Mama’s hands were clasped together as if in prayer. Whether she were saying Grace or praying to get through the night without suffering another beating, I had no idea. My kid brother was eager to get on with his meal. Cornbread, a little steak and beans. At my appearance, Johnny posed the question of Blue’s whereabouts. Sick at heart, I was unable to look at him, not knowing if the dog were dead or alive. I still pictured the way he’d lain so still after his small body had connected with Trenchard’s boot.
“If you mean that stupid critter, boy, he’s out in the barn where he’s meant to be,” Trenchard told him. “And not at the dinner table.”
“But he always eats with us,” my brother protested. He was halfway out of his chair, when Mama lay a restraining hand on his.
“Please, John, don’t antagonise your father,” she said. Her head was bowed, and she barely glanced at me. “I’m sure Blue is fine.” Her lowered gaze was retained on her food and she failed to glance at her husband.
“So what culinary repast have you fixed tonight, Hannah?” The sarcasm in his words slammed through me, further conducive to nurturing the inherent loathing for this man. But Mama, as if she could read my thoughts, had a warning look on her face. Her face was pale, her eyes washed out as if she hadn’t slept in awhile. I knew we, I mean I, had to do something. But what? Trenchard had stripped to his shirtsleeves, revealing the arm bands displayed to his elbows.
“It’s just a little steak, Isaac. That’s all I could afford,” Mama dared. Still her eyes remained downcast when this man stamped to his feet, almost unsettling his chair. “Just a little steak, Isaac!” he derided, slamming a bunched fist down so violently that the plates shook, as if there was an earthquake, when he mocked her voice so simperingly.
“It’s fine, Mama,” I said. ” What your’s like, Johnny?”
Johnny’s eyes rounded beneath his curly forelock. He sported the look of wishing the floor would open at being included in the conversation.
“It’s fine.” He shrugged. “I want to know if Blue is okay. He ain’t come whining at the door like he usually does.”
“Stop talking about that damned mutt!” Trenchard rasped. “And if you leave this table, boy, I’ll strap you to it until you’ve learned some manners. John Franklyn got a damned lot to answer for, Hannah. Not discipling those boys. I caught Luke with that trollop from town, what’s her name? Rebecca.”
“She’s not a trollop. I…I like her, that’s all.” I wondered if he’d pick up on my hesitation. Because I really wanted to say I love her, but not in front of him, and risk his derision that I might love a girl.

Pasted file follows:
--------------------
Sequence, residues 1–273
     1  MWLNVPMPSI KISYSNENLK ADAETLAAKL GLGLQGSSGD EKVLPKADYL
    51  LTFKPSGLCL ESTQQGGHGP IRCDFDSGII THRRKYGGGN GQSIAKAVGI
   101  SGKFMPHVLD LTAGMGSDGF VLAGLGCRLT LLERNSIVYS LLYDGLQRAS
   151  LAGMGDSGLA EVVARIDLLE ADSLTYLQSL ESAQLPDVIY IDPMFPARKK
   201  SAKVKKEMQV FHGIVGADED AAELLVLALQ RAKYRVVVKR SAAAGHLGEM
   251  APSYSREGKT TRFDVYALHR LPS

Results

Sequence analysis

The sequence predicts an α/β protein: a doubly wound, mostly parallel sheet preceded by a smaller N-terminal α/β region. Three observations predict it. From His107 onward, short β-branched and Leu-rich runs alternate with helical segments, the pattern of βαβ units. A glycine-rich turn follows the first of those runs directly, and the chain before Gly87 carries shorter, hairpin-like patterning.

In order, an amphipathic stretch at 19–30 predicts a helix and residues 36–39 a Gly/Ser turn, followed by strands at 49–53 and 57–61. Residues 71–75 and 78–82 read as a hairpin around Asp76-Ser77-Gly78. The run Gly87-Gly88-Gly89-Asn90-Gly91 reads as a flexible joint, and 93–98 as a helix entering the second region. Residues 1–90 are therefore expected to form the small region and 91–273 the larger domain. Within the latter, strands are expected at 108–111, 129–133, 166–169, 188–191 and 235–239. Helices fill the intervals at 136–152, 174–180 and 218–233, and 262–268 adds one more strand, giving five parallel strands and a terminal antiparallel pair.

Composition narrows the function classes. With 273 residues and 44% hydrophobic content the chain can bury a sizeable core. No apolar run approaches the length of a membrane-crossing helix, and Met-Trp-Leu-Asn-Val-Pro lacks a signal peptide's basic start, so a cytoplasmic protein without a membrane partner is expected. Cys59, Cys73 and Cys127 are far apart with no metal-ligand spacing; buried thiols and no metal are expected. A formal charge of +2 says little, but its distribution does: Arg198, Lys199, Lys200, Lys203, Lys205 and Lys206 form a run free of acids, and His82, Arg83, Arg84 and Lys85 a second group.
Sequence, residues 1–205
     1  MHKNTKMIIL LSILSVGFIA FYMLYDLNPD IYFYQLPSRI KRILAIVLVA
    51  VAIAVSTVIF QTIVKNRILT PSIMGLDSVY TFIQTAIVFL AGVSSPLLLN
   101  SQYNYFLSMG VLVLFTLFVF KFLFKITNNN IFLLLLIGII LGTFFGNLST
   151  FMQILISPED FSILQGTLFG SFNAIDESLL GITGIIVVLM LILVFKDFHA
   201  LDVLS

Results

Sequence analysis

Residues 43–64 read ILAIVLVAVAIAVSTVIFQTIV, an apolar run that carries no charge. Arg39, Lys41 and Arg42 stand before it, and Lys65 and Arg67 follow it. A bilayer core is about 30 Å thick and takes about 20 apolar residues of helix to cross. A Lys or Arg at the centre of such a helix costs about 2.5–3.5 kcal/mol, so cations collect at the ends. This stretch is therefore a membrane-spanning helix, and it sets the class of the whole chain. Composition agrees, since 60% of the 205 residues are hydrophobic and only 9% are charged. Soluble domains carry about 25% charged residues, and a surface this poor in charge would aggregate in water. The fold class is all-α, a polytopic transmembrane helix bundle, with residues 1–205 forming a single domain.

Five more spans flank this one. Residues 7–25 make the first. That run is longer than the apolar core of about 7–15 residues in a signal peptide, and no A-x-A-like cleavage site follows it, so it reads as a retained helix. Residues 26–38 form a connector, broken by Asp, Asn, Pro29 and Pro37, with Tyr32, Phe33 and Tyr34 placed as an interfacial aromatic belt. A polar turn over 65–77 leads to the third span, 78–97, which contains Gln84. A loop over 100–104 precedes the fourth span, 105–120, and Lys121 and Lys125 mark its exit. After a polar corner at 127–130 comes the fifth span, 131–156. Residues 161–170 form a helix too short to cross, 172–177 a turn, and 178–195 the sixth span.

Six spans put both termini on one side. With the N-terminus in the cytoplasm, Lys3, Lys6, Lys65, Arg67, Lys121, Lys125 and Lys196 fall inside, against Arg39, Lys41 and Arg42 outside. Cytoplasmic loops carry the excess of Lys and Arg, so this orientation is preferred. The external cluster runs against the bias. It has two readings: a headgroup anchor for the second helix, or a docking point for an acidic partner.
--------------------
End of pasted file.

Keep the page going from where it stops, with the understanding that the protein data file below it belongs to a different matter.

It was on the tip of my tongue to mention that which was uppermost in our mind. The money for Mama to have a much needed op. The crunch of a vehicle skidding to a halt outside managed to shelve it temporarily. Our sister Lorrie jumped out of Billy Parker’s pick-up, as if she weren’t expecting a child. I saw Mama’s eyes light up. Trenchard visibly stiffened, when she breezed into the room.
I heard him mutter something about her being another trollop getting herself ‘in that way’ out of wedlock. Billy and me had been friends through school. He’d started dating my sister and they’d moved into together. The place was a grubby apartment close to town. But I couldn’t fail to envy her. A fine house was nothing if you weren’t happy. Judging by the beaming inflection of smiles on my sister’s face, she was happy enough. While the small bump of Billy Parker’s child was already beginning to show.
“We are having our evening meal and don’t wish to be interrupted.” Trenchard sat, returning to his seat, his tone imperious.
“Hullo, boys, and Mama,” Lorrie greeted, as if he hadn’t spoken. Throwing an arm around Mama, she kissed her cheek.
“Why don’t you eat with us? I’m sure there’s plenty to go around,” Mama said. As if she entertained a small burst of bravado in her daughter’s presence. Lorraine was strong. Maybe stronger than any of us. At least enough to escape.
Trenchard surprised us however, at being rendered speechless for once. Though his face perfected an adequate impression of a thundercloud.
“That’s okay, only if you’ve got enough to go round.”
“You can have mine, Sis,” Johnny passed his half eaten meal across the table. “I can’t eat until I know Blue’s alright.”
Lorrie looked at me for explanation, but I felt much too guilty. I toyed with my food as my brother had done, because I kept seeing the little dog being kicked across the straw, in my mind’s eye.